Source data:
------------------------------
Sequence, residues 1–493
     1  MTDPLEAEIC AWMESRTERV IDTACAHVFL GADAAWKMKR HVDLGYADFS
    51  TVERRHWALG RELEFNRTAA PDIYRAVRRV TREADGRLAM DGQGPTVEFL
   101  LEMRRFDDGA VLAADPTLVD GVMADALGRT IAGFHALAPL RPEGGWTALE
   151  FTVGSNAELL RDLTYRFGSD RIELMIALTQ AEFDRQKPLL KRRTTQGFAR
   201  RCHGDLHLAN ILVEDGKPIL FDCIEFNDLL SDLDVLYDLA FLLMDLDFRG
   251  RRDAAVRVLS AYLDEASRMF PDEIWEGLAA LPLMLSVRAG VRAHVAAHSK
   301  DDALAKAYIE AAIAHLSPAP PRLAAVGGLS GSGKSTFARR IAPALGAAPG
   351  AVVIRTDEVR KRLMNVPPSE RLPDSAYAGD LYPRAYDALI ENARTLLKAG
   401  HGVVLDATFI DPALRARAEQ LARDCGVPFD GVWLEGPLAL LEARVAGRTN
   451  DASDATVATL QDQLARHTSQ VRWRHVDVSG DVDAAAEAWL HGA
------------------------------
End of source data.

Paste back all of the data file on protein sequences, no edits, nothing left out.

Sequence, residues 1–493
     1  MTDPLEAEIC AWMESRTERV IDTACAHVFL GADAAWKMKR HVDLGYADFS
    51  TVERRHWALG RELEFNRTAA PDIYRAVRRV TREADGRLAM DGQGPTVEFL
   101  LEMRRFDDGA VLAADPTLVD GVMADALGRT IAGFHALAPL RPEGGWTALE
   151  FTVGSNAELL RDLTYRFGSD RIELMIALTQ AEFDRQKPLL KRRTTQGFAR
   201  RCHGDLHLAN ILVEDGKPIL FDCIEFNDLL SDLDVLYDLA FLLMDLDFRG
   251  RRDAAVRVLS AYLDEASRMF PDEIWEGLAA LPLMLSVRAG VRAHVAAHSK
   301  DDALAKAYIE AAIAHLSPAP PRLAAVGGLS GSGKSTFARR IAPALGAAPG
   351  AVVIRTDEVR KRLMNVPPSE RLPDSAYAGD LYPRAYDALI ENARTLLKAG
   401  HGVVLDATFI DPALRARAEQ LARDCGVPFD GVWLEGPLAL LEARVAGRTN
   451  DASDATVATL QDQLARHTSQ VRWRHVDVSG DVDAAAEAWL HGA